Veterans Need Our Help More than Ever
Our veterans return from service with the expectation that they will receive the highest-quality care our nation can provide. Considering that they have sacrificed and made a substantial down payment on lifetime care for themselves and their family, the expectation is well deserved and reasonable.
But, sadly, we are seeing a greater disparity between expectation and delivery.
The situation grows increasingly dire with each passing year. According to the U.S. Department of Housing and Urban Development almost 40,000 veterans are homeless. Though—according to the National Alliance to End Homelessness—that number has decreased over the past five years, former service members continue to be overrepresented in the homeless population, and 54 percent of those have a physical and/or mental disability.
Overall, around 20 percent of vets who served in Iraq or Afghanistan suffer from the mental health issues of major depression or post-traumatic stress disorder. Digging deeper into that, the Rand Center for Military Health Policy Research estimates that 19.5 percent of those veterans have experienced a traumatic brain injury. The tragic result of mental illness in our ranks of returning soldiers is that every day 20 veterans are dying of suicide, the Department of Veterans Affairs tells us.
Veterans share many of the common frustrations that patients experience in private healthcare systems—but in even greater concentrations. As the organization charged with providing healthcare to vets, the VA is woefully over-burdened, as became glaringly apparent in 2015 with the revelation that thousands of veterans seeking care had experienced unacceptable delays.
As in the private sector, the VA faces the pressures of increasing productivity—but with the added hurdle of ever-tightening operating budgets. These pressures have impacted communications between patient and physician—from informal conversation to an exploration of a patient’s perceived experience of illness. The result is that many patients leave a medical office with more questions or concerns than when they arrived.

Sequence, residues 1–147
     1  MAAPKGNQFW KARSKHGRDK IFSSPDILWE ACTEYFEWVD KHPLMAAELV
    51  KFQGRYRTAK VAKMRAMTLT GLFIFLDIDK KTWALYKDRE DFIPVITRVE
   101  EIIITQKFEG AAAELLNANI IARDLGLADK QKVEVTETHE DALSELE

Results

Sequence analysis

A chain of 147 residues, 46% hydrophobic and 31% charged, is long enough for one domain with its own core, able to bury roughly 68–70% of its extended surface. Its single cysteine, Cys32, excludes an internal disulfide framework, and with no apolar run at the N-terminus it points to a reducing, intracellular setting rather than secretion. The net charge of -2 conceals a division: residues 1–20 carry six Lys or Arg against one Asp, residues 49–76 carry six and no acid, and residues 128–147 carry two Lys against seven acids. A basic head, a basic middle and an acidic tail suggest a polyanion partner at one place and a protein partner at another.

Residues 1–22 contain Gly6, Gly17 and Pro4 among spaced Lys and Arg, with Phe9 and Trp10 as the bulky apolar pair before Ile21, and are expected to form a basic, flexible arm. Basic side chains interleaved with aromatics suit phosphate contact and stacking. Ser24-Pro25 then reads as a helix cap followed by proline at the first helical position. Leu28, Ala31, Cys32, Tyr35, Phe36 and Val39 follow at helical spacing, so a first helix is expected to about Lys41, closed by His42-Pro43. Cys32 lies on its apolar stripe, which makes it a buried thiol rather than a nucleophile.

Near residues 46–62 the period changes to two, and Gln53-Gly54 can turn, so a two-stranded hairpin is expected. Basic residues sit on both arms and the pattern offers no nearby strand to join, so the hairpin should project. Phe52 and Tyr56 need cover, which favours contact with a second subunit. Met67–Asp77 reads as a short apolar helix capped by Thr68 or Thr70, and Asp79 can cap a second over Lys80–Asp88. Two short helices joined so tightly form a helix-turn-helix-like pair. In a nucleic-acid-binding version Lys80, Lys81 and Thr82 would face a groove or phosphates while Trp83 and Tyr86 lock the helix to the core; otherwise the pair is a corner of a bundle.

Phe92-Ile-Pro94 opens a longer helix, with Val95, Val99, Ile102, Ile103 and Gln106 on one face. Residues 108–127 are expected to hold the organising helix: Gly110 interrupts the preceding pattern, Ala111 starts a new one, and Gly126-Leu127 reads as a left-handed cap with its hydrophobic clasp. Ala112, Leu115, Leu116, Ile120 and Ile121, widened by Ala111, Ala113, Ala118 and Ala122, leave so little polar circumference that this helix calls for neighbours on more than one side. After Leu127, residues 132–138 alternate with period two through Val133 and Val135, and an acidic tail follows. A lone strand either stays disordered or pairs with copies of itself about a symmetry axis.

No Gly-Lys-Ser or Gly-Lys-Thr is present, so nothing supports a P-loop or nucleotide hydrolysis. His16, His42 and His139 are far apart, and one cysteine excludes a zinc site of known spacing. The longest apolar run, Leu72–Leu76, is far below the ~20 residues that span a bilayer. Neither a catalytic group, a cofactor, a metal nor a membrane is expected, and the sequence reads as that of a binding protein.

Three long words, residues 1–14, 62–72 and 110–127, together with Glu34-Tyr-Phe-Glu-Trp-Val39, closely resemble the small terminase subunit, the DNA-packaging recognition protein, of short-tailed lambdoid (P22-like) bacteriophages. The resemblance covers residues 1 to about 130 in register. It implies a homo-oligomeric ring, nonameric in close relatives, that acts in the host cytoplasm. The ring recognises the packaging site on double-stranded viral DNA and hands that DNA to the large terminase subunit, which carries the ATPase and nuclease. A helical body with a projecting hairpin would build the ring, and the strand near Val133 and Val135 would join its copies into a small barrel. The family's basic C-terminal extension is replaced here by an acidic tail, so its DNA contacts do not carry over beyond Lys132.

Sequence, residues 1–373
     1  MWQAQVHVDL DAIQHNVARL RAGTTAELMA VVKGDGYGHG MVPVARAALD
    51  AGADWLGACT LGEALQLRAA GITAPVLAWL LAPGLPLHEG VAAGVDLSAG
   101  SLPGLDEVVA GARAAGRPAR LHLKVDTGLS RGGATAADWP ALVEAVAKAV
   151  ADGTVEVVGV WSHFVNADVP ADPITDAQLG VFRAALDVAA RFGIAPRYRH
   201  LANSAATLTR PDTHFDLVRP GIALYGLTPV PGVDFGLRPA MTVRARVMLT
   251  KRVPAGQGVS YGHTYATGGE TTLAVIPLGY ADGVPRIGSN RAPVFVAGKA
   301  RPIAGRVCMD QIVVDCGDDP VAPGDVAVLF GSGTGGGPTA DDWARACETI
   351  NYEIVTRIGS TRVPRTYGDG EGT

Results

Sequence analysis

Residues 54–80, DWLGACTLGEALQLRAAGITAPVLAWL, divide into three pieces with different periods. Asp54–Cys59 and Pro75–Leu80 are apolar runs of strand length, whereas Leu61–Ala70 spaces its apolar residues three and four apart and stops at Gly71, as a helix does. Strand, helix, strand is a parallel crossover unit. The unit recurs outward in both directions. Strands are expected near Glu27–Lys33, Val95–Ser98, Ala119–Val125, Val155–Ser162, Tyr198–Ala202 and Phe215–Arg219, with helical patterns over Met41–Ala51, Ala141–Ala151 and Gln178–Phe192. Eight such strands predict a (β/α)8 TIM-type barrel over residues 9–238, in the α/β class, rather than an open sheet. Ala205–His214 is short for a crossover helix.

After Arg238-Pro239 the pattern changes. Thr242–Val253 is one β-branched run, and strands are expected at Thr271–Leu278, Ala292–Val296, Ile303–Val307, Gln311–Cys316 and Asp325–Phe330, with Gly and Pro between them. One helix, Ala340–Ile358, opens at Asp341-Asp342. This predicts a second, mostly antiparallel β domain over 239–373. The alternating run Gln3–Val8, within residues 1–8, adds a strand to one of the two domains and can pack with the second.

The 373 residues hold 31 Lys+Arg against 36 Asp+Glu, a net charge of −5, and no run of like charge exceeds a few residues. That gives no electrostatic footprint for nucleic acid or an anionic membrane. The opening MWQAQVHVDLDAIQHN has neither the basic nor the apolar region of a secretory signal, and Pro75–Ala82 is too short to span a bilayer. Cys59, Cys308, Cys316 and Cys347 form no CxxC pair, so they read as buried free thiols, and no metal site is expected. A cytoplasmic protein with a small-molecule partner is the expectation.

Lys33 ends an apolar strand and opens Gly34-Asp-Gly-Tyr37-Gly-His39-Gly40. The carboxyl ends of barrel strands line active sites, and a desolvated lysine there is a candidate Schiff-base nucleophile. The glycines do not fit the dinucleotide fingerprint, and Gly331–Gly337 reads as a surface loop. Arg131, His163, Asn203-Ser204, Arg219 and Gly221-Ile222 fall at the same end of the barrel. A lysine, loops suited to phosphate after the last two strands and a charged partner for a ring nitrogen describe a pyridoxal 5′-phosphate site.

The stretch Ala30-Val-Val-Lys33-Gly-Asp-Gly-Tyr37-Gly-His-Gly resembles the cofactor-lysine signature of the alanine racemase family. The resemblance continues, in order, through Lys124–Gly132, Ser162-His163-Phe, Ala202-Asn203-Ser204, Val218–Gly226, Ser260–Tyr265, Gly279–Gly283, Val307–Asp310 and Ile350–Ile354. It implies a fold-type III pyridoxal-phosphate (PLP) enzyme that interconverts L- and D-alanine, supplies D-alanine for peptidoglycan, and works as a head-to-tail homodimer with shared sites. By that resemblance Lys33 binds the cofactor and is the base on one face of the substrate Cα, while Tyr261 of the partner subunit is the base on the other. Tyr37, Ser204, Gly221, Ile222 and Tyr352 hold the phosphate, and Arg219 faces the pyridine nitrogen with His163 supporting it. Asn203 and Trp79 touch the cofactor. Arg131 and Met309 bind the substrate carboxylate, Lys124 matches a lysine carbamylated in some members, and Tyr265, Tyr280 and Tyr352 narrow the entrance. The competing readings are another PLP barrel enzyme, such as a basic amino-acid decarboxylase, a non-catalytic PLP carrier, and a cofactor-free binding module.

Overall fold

In efforts to address many of these issues, the VA’s new director, Dr. David Shulkin, has piloted several initiatives, from making wait times and quality information about every VA hospital and clinic publicly available to offering free mental health care to vets who haven’t had access to VA care because of dishonorable discharges.
These are wise and good moves to begin to provide our veterans with the services and care they need and deserve. However, with more than 350,000 employees at 1,700 facilities, there are still a great deal of challenges that must be met in order to reach optimal performance.
One improvement that would majorly impact the level of care that the VA offers servicemen and women is implementing a central platform for communication that can report their needs and status in real time. The means exists in today’s technology, which can track, report and dashboard patients’ reported needs and outcomes as they occur (e.g., self-harm/suicide, homelessness, domestic abuse, substance abuse and medical issues). Technology makes the healthcare professional aware of veteran needs and their status as well as how healthcare providers are performing in real time—and it can speed up prescription services, facilitate access to care, give more timely clinical evaluation to caregivers, expose gaps in outcomes related to at-risk populations, alert the system of regulation and compliance issues, and detect fraud and can provide an environment to use data for a reduction in medical malpractice claims. An equally important benefit of using secure interactive technology is that it builds trust between the veteran and the practitioner. In-the-field pilots have shown this process establishes a strong bond with veterans, who appreciate being made a partner with their doctor, and it reinforces confidence in the entire organization.
Additionally, the data collected through these exchanges can be synthesized and analyzed to identify broad trends in patient comprehension and clinical outcomes. This approach is meant to facilitate transformation and the ability to think differently on both sides of the healthcare equation while monitoring delivery metrics up and down the chain of service.
Under Dr. Shulkin’s leadership, let’s hope to see real changes in the way the VA approaches its mandate to provide our military personnel with the level of service and care they need and deserve. One promising way to achieve this would be to adopt transformational technologies and embrace those companies as partners in creating sustainable positive change in meeting the vital mission with which it has been entrusted.
Mike Manning is the founder and CEO of CarePartners Plus, a data and communication company empowering all 22,000,000 veterans with a voice. Mike served in Army Special Forces from 1978 – 1989.